Help protect the places we love, the values we share
In our emails, sent once or twice a week, you'll receive:
• alerts on new threats to Wisconsin's environment
• opportunities to join other Wisconsinites on urgent actions
• updates on the decisions that impact our environment
• resources to help you create a cleaner, greener future
Sixty-five chefs, restaurant owners and other culinary leaders joined us to launch the Bee Friendly Food Alliance. Through the Alliance, chefs and restaurateurs are calling attention to the importance of bees to our food supply, the dramatic die-off of bee populations, and the need to protect our pollinators. LEARN MORE.
As world leaders prepare to gather here for the United Nations Climate Summit next week, a new study shows that U.S. power plants alone produce more carbon pollution than the entire economies of India, Russia, Japan or any other nation besides China.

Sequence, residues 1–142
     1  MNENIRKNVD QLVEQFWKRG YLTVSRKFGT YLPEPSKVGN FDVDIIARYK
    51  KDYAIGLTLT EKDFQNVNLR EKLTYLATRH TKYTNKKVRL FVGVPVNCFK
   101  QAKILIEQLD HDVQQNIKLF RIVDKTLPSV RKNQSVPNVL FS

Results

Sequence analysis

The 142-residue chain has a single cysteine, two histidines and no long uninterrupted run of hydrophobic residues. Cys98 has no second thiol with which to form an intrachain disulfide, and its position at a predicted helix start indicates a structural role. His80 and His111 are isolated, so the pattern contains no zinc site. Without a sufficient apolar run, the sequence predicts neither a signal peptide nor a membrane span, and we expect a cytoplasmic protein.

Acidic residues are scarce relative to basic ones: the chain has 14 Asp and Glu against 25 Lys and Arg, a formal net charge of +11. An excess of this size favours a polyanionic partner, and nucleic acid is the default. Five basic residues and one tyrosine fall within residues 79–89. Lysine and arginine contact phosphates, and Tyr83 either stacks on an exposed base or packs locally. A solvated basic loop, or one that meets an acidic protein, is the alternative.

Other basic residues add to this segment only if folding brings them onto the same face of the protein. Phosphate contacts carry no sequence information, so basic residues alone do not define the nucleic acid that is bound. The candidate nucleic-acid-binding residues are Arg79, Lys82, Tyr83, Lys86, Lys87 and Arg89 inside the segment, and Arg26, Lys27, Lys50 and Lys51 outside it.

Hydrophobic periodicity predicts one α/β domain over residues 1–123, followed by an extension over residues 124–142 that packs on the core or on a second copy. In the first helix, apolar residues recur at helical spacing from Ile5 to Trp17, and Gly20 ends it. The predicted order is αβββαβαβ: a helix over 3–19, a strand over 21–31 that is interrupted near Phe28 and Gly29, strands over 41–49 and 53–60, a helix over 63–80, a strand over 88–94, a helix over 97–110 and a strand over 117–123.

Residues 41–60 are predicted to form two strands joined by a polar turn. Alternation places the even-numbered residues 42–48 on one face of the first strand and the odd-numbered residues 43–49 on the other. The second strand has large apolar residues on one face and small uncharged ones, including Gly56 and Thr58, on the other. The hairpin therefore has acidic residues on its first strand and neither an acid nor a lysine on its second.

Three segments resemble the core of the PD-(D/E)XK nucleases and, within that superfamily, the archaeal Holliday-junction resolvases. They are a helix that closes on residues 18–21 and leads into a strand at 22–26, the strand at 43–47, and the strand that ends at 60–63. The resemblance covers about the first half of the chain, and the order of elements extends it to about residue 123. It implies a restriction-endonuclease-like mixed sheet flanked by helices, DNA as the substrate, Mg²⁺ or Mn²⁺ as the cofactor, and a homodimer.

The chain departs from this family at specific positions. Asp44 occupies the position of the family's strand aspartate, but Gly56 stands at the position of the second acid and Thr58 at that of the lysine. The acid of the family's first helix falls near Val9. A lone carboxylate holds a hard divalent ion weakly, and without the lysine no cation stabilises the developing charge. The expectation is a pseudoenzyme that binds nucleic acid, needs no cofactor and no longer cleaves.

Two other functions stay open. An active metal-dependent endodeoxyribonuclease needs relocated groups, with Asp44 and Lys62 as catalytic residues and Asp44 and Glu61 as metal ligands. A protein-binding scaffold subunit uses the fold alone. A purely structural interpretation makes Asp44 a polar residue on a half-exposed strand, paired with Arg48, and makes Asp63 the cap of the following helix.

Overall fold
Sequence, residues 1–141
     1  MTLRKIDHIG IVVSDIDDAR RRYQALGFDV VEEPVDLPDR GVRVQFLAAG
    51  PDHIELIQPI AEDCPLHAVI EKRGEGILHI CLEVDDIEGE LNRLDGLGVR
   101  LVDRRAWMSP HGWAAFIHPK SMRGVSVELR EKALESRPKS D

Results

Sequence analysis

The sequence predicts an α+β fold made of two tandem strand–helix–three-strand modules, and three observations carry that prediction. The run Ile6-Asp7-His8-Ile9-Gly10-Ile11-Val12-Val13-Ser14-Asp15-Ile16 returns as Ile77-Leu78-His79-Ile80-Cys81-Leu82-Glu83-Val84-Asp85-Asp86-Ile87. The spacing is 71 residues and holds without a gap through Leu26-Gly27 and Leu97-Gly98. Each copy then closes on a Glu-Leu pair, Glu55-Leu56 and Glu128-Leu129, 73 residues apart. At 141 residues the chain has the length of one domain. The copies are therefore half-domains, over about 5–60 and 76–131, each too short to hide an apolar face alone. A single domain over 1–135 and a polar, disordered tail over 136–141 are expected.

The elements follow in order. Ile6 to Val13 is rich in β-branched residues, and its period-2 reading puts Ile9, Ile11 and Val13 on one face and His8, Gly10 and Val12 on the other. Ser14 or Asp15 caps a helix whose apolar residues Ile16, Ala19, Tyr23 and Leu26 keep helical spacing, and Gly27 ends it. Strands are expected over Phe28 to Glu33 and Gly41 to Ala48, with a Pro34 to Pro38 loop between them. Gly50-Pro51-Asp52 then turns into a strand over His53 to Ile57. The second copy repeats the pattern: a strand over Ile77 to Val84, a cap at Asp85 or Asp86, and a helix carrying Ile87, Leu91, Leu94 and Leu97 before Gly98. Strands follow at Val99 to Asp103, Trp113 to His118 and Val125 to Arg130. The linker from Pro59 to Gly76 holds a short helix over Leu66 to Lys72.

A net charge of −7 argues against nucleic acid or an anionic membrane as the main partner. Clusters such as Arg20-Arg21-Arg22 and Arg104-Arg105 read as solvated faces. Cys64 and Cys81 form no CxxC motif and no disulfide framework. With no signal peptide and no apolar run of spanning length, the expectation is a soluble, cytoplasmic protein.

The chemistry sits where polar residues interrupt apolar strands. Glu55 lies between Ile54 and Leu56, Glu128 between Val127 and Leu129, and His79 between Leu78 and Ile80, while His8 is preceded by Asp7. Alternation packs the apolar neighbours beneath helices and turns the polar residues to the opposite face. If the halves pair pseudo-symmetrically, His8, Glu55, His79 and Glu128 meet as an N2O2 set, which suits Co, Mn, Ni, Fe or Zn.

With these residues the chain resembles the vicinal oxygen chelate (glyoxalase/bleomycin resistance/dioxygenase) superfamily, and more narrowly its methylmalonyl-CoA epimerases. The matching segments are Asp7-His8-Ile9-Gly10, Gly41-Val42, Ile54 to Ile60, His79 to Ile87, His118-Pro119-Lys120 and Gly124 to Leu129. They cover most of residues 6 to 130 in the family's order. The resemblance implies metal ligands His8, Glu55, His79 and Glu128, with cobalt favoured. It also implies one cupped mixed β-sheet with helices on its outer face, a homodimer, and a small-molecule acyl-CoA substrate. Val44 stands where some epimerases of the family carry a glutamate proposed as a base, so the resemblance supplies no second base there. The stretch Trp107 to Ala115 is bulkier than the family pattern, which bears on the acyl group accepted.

Today, Wisconsin Environment Research & Policy Center released a new report: Lighting the Way: The Ten States that Helped Drive America’s Solar Energy Boom in 2013, showing strong solar growth across the nation including a 17%increase in Wisconsin in 2013. The report emphasizes that it is not availability of sunlight that makes states solar leaders, but the degree to which state and local governments have created effective public policy to help capture the virtually unlimited and pollution-free energy from the sun.
Solar energy is on the rise. Over the course of the last decade, the amount of solar photovoltaic (PV) capacity in the United States has increased more than 120-fold, from 97 megawatts in 2003 to more than 12,000 megawatts at the end of 2013. In the first quarter of 2014, solar energy accounted for 74 percent of all the new electric generation capacity installed in the United States.
Madison, WI--Industrial facilities dumped 2,793,000 pounds of toxic chemicals into Wisconsin’s waterways in 2012, according to a new report by Wisconsin Environment Research & Policy Center. The “Wasting Our Waters” report comes as the Environmental Protection Agency considers a new rule to restore Clean Water Act protections to thousands of waterways in Wisconsin and across the nation.
Industrial facilities continue to dump millions of pounds of toxic chemicals into America’s rivers, streams, lakes and ocean waters each year – threatening both the environment and human health. According to the U.S.